There are basking sharks in the upper layers of the water – prehistoric things, nightmare-mouthed and harmless. Plankton-eaters, the way all seeming monsters are. They fill the coastal waters in the summertime, rising up to trawl the krill blooms. Puckered with barnacles, blasé as window-shoppers, they can grow over a lifetime to twenty feet in length.
There are warning flags along the wrack line: sharks – swim at your own risk. The threat is actually minimal, basking sharks being liable to give you little more than a bump on the knee, but the effect of the signs is still an odd one. There are no barriers, the water is open, creating the sense of a curiously lackadaisical approach to public safety. Danger, but do what you want, we’re not the police.
Around the rock pools, paddleboarders nudge the backs of sharks with oars and suffer no retaliation. Mackerel fishers follow the oily cut of dorsal fins, heading home with lockboxes full of tiddlers, waxing mythical about the one that got away. Tall tales abound, swimmers reimagine close calls and teeth where none existed. A story that seems to crop up every year sees a woman snorkelling for sea glass swimming right down into the open mouth of a basker, where she has a good look at the contents of its stomach before coming out again, unscathed. Ridiculous, of course, but in truth about as likely as anything else.
On the beach, Alice turns the truck at the wooden groyne which marks the end of the so-called pleasure section and idles the engine, considering the view. The afternoon has been bad, toothy with chill, no one buying much.
‘Six Fabs and a Mint Cornetto,’ Min recites, checking seven items off on her fingers. ‘Slim pickings, Captain.’
‘It’s the weather,’ Alice replies, gesturing at the window to encompass the wanness of the day. ‘Who wants an ice cream in a funk like this?’
The afternoon is only an attempt at itself – fretful greyness, minnow stink of gutweed. Overhead, the vulture wheel of hunting gulls, a white-lipped, murderous sky. At the wheel, Alice squints towards the headland, the tidal band of beached sargassum running out before her like the rising of some long-backed creature from the sand. In the back, perched on some stacked boxes of Cadbury Flakes, Min kicks her leg reflexively against the wall. ‘Bummer,’ she nods, pulling a serious face but snorting when Alice glances back at her. ‘Bummerama. What are you staring at? Don’t act like you’re not impressed by my urban vernacular.’
‘You talk such shit.’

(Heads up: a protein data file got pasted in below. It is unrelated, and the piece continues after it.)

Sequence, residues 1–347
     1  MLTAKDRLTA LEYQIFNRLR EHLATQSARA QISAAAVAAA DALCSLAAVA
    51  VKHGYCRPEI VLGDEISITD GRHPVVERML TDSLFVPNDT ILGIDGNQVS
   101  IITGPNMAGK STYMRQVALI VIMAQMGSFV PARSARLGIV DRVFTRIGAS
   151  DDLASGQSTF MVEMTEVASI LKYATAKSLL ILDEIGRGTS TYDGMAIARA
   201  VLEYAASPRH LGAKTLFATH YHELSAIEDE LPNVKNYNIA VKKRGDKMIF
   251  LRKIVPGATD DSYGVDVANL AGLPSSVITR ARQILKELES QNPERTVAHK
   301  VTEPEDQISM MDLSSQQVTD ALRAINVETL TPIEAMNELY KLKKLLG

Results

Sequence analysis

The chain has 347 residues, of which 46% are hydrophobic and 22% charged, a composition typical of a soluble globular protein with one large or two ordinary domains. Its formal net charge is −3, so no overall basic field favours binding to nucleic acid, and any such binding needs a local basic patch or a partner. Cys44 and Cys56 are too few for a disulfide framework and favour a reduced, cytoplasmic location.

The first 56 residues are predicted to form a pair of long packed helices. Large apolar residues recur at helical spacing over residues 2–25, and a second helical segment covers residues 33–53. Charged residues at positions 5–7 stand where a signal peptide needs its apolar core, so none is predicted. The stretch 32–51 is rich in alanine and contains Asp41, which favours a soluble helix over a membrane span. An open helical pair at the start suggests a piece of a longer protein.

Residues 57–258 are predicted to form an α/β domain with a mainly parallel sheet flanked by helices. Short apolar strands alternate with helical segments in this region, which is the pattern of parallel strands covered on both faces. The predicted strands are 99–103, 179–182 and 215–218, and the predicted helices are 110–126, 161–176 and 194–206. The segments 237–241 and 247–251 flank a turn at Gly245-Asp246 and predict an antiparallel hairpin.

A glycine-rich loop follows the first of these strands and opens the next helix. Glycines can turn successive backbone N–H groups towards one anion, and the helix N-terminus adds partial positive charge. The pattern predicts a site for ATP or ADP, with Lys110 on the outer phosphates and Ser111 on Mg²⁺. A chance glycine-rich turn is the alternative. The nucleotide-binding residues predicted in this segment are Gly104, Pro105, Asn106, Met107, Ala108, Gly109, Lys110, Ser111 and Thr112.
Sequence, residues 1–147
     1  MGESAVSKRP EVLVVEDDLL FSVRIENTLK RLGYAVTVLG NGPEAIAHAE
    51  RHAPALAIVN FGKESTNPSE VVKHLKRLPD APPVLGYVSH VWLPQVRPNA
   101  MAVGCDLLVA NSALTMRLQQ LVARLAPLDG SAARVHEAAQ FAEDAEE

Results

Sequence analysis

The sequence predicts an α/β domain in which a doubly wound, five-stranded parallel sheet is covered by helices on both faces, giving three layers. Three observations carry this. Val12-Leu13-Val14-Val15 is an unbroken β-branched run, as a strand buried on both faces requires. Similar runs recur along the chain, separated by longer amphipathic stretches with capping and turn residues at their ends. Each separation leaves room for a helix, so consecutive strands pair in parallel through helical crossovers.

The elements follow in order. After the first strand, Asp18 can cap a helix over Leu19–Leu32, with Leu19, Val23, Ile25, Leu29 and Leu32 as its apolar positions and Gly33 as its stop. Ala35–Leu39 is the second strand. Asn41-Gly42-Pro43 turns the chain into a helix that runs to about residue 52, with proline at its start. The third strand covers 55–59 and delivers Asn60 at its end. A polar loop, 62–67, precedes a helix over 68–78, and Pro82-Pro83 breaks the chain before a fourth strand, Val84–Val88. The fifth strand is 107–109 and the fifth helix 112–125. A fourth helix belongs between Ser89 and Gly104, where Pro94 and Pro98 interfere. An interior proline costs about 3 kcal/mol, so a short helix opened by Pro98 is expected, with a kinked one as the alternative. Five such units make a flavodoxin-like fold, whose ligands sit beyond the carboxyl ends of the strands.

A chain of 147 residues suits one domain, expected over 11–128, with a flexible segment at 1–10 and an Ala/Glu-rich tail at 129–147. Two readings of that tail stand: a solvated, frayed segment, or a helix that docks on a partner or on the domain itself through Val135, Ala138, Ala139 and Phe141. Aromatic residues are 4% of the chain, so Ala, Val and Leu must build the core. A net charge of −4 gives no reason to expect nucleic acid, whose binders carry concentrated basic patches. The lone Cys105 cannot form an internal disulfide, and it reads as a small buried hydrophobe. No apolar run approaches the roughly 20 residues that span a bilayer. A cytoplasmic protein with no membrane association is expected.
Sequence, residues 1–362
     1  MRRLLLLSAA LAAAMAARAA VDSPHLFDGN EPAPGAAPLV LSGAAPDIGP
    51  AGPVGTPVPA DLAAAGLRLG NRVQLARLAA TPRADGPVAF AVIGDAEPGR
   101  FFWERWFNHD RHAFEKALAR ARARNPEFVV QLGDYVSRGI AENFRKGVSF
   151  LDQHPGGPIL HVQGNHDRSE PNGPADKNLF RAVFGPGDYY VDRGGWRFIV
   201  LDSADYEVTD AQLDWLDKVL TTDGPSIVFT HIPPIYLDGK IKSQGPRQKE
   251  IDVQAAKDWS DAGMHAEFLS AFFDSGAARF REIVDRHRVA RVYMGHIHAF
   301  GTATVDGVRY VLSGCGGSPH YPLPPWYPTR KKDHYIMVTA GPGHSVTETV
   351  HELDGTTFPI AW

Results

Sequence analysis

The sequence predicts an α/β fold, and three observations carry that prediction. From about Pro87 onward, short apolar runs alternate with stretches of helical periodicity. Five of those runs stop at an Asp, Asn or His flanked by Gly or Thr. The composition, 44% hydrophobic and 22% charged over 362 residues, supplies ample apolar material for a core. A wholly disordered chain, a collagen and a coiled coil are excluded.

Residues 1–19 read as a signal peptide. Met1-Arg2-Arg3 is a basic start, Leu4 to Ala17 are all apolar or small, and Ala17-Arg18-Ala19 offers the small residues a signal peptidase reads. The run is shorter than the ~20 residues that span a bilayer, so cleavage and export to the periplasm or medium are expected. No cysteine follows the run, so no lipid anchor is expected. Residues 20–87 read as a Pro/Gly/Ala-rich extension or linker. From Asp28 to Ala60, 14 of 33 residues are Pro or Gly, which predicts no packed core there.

Alice finds she says this a lot, usually while smiling. Min laughs. Lit by the neon glow of the Polar slush machine, she is like something pulled from ice. Alice can imagine her, defrosted and on show in a museum – an artefact preserved for history, academics pointing to the places on her body where the cold has marked her, the diamond stud in her nose.
‘That girl is headed nowhere,’ Alice’s mother likes to say. Going over the house with a Hoover after Min leaves, ‘I don’t know why she has to be here every hour of the day.’
Her objections are routine: Min’s tacky nylon glamour, the street where she lives, the father who won’t get out of bed. Her hair is bleach-fried, wilting in natural light. In the presence of Alice’s mother, she has a nervous habit of fluffing it out like a mammal inflating its fur.
‘You’re such a clever girl,’ Alice’s mother will say whenever Min has just departed. ‘Can’t you find a cleverer sort of friend?’
At school Alice is streamed into all the hardest sets, and it seems that the friendships she is expected to cultivate are also the hardest and dullest, the ones that come with the most supplementary work. Last year, she had been involved in a punishing sort of best-friendship with a girl named Pam who had won several prizes for debating, and talked droningly about their relationship as though they were husband and wife. They had spent their Friday evenings locked in a revolve of interminable sleepovers, Pam insisting they watched movies of her choice and then talking over them. If Pam stayed over at Alice’s, she would mention all the things it was a shame they couldn’t do that evening: it was a shame Alice didn’t have Sky or a real computer, it was a shame Alice’s mother only made normal toast, unlike Pam’s mother, who made it French. By the end of term, Alice had started hanging around with Min after art class, and it was only via a protracted period of passive cruelty that Pam, waiting doggedly for Alice outside the science laboratories or at the back gates at four o’clock, had finally been shaken off. These days, Alice only sees her occasionally, hanging around with another girl named Karen, who is apparently a big deal in choir.
In the back of the truck, Min pushes herself upright, clambering forwards over the gearstick and into the passenger seat, giving Alice a chuck to the head as she goes. Her silver hair is straggled back into a ponytail, acid bunch behind her ears.